Usually, the first pre-production batch of a design did not have a series suffix letter, i.e. B-26, P-38, and the first full production version bore the series letter A, although there are a number of exceptions. Subsequent modifications to the design, including different "dash" models of engines, would usually result in the next series letter, i.e. B, C, D, etc. being added to the designation.
Thus a P-51D was the fourth in the P-51 series to be designed or produced. The letters I and O were not used, and some series were never produced and thus skipped.
Special Status or Purpose Codes
These codes could be added onto the front of a normal designation, to indicate modifications or use for a new or special purpose. Examples include CB-24, a B-24 modified to carry cargo (but not a C-87), TB-25, a B-25 used for training or WB-29, a B-29 used as a weather recon aircraft.
Block Numbers and Manufacturers Codes
Although not used in casual discussions, these two elements of an aircrafts designation actually defined when and where an aircraft was built and by whom. The block numbers started with 1 and were usually assigned in multiples of five, i.e. 5, 10, 15, etc. to allow modifications to be indicated by intervening numbers. As changes were made in the design on the production line, a new block number would be assigned.
The manufacturers code told not only what company built the aircraft, but in which plant it was assembled. Again, this was to help deal with minor differences and changes within the system, especially when trying to join spare parts to the correct airplane.
The following is a rather lengthy list of codes as of the end of the war.
A list of U.S. aircraft popular names, both Army and Navy, and their British equivalents is included as a separate article.
Non-Standard Aircraft Designations
Just when you though this was somewhat straight forward, we find out our (the Confederate Air Force's) B-24 is really a LB-30, and an AT-19 painted in British Royal Navy markings is called a V-77! In a few cases, a design or variant was produced for a foreign country but not used by the U.S. These odd balls were often designed by their manufacturers company project number, sometimes mixed with official type codes.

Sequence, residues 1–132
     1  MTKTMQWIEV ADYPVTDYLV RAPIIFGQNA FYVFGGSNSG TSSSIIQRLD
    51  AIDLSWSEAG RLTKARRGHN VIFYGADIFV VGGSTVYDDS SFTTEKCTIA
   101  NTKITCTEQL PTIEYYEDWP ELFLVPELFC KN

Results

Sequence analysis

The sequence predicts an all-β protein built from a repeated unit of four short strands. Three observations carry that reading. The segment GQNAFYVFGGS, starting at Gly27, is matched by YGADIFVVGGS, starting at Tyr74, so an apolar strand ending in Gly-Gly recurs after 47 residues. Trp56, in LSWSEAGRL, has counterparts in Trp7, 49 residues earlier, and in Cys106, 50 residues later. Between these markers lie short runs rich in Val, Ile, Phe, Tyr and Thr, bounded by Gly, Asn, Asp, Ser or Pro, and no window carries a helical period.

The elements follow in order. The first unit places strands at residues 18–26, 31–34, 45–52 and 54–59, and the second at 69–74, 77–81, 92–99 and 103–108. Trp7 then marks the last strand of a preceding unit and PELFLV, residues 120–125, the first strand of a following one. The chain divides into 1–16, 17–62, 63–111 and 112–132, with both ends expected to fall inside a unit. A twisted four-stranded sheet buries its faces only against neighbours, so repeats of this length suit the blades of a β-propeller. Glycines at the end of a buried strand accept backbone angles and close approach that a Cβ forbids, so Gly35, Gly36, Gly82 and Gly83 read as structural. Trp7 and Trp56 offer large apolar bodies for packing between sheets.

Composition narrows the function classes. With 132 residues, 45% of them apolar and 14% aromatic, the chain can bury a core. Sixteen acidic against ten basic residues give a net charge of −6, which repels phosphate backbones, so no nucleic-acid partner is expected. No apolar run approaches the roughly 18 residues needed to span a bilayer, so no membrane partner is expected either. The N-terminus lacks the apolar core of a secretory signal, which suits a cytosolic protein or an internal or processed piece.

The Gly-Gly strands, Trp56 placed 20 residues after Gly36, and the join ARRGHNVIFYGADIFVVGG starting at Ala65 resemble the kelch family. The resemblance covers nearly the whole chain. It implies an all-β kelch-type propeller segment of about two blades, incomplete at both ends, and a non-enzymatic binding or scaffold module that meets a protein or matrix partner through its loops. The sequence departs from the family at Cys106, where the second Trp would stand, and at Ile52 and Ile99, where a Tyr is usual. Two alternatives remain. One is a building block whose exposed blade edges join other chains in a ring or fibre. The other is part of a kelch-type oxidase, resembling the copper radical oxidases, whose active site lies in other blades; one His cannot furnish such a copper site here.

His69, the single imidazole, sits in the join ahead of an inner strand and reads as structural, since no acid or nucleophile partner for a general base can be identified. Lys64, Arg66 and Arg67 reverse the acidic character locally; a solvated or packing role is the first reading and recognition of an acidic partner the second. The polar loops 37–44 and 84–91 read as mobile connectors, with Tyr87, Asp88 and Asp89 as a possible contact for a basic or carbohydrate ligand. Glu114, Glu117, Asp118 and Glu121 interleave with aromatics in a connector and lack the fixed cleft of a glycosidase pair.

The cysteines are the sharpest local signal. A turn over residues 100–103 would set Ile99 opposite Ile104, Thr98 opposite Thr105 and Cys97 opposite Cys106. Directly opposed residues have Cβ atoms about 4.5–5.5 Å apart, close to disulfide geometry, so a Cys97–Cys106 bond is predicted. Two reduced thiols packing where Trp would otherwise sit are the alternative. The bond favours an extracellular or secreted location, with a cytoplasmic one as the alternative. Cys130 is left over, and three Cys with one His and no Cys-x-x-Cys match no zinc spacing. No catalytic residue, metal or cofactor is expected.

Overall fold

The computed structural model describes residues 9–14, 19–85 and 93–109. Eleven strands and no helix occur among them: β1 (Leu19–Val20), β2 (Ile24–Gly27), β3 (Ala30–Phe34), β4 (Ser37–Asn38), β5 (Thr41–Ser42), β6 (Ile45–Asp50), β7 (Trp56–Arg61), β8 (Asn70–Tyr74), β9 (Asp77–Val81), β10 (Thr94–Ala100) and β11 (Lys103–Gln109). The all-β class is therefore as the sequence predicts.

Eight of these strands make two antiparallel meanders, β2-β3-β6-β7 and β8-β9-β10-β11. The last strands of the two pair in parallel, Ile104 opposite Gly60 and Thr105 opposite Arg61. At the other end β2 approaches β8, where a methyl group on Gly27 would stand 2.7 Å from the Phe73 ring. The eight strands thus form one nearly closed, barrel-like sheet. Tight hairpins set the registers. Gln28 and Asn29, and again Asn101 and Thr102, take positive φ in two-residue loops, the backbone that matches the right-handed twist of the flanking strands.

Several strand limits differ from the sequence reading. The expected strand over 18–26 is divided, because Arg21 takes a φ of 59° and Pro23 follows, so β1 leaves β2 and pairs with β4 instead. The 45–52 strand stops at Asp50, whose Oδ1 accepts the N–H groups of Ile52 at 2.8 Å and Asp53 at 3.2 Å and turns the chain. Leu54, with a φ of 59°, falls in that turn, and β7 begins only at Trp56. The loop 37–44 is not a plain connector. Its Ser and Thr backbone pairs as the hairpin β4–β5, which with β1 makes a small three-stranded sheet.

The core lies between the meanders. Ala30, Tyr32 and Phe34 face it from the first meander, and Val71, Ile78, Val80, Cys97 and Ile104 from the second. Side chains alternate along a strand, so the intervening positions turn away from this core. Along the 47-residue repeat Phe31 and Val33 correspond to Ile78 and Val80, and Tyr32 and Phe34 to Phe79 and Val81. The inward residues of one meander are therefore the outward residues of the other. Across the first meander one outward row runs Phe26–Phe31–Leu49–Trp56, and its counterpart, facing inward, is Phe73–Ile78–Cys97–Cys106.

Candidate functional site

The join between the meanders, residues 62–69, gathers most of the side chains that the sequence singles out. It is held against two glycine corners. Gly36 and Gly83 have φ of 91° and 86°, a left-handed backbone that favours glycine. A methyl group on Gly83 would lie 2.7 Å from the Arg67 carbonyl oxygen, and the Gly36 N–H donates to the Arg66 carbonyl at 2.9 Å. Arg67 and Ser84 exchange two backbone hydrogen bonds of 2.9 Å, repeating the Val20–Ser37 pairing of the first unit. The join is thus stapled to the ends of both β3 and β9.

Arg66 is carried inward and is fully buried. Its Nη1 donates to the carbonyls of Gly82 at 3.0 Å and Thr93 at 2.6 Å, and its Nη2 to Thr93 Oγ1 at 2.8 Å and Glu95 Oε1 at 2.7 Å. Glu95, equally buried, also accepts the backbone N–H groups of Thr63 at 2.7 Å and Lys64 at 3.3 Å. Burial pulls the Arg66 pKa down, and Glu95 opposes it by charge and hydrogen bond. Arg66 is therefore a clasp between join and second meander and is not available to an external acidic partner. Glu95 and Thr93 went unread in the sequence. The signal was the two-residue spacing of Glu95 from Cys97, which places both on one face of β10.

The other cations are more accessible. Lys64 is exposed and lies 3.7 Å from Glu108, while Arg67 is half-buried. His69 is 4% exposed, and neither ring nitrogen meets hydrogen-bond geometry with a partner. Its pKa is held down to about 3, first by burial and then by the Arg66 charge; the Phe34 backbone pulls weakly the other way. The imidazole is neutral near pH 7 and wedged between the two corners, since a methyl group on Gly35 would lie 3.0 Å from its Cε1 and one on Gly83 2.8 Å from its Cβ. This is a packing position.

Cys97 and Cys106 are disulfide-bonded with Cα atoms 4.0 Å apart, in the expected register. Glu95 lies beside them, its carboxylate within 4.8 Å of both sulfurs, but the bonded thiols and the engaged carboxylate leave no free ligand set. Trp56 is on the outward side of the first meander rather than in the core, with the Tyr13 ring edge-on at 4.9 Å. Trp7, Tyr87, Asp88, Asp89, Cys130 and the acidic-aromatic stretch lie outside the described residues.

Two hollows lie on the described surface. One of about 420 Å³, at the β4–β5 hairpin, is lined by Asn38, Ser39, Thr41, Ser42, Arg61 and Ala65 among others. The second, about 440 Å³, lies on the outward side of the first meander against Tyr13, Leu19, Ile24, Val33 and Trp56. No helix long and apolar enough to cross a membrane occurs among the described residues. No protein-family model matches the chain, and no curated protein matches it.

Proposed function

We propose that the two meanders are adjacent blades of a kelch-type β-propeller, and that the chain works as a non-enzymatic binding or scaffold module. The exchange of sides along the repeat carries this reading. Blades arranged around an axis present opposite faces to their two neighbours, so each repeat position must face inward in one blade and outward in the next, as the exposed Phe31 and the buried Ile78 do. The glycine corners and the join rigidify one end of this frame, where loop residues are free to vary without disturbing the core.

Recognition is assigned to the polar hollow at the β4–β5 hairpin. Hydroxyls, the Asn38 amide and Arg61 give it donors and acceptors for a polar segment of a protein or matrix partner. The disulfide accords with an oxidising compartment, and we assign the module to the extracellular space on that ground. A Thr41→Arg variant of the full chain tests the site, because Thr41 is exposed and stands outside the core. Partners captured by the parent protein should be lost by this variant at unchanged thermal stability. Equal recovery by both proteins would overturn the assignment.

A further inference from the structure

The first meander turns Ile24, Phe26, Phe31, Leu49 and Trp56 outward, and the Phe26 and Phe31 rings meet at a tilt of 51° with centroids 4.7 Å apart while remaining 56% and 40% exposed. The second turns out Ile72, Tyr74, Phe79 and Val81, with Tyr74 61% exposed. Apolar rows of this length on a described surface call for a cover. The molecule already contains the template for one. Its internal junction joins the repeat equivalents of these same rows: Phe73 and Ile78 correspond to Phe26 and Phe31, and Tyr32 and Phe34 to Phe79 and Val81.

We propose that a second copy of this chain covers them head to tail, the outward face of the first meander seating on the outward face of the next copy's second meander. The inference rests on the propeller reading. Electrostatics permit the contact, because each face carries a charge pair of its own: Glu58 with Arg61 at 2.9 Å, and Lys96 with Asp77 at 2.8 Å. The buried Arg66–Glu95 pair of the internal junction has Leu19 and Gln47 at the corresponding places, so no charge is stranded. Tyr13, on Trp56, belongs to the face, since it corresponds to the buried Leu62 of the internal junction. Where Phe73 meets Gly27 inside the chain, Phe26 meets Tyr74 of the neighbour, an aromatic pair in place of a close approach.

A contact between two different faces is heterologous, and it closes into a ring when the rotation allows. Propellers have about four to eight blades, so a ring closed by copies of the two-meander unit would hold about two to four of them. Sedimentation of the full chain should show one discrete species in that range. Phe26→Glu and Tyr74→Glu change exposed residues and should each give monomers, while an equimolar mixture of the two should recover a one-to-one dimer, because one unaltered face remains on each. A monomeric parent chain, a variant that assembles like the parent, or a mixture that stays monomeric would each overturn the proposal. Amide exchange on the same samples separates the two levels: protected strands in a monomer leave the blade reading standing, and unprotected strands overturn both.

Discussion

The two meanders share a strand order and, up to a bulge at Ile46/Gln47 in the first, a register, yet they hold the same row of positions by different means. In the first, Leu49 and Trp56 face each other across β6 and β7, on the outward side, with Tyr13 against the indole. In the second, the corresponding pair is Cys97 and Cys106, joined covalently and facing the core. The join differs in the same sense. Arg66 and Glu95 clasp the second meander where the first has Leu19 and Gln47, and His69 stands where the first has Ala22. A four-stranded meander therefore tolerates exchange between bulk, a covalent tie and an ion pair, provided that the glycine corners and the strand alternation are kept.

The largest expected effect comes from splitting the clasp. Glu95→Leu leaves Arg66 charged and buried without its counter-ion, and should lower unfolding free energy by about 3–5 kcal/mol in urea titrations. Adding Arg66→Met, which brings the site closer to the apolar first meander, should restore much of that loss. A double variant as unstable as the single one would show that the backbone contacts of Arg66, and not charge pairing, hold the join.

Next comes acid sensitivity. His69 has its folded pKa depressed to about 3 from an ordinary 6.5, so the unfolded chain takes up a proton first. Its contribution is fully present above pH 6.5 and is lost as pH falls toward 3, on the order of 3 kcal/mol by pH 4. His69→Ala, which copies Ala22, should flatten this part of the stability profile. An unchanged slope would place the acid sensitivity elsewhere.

The best known examples were our LB-30, an early version of the B-24 Liberator built for the British, the 30th design in Consolidateds "Land Bomber" series, and the P-400 and P-322, export versions of the P-39 and P-38 fighters respectively, which were taken over and used by the USAAC, carrying company project numbers added to the P for pursuit. The V-77 was Stinsons (a division of Consolidated Vultee) project code for the British version of the AT-19/UC-81.
There are a few other examples, but they are not too common.
Sources and Further Reading
The standard reference for USAAC aircraft designations is James C. Faheys U.S. Army Aircraft (Heavier-Than-Air) 1908-1946, first published in 1946. An excellent single source on the aircraft and their designations is United States Military Aircraft Since 1909 by Gordon Swanborough and Peter M. Bowers, published by Putnam and others.
Kenneth Munsons American Aircraft of World War 2 in colour is another book with useful tables and appendices on aircraft names and designations.
All material not specifically credited is Copyright © by Randy Wilson.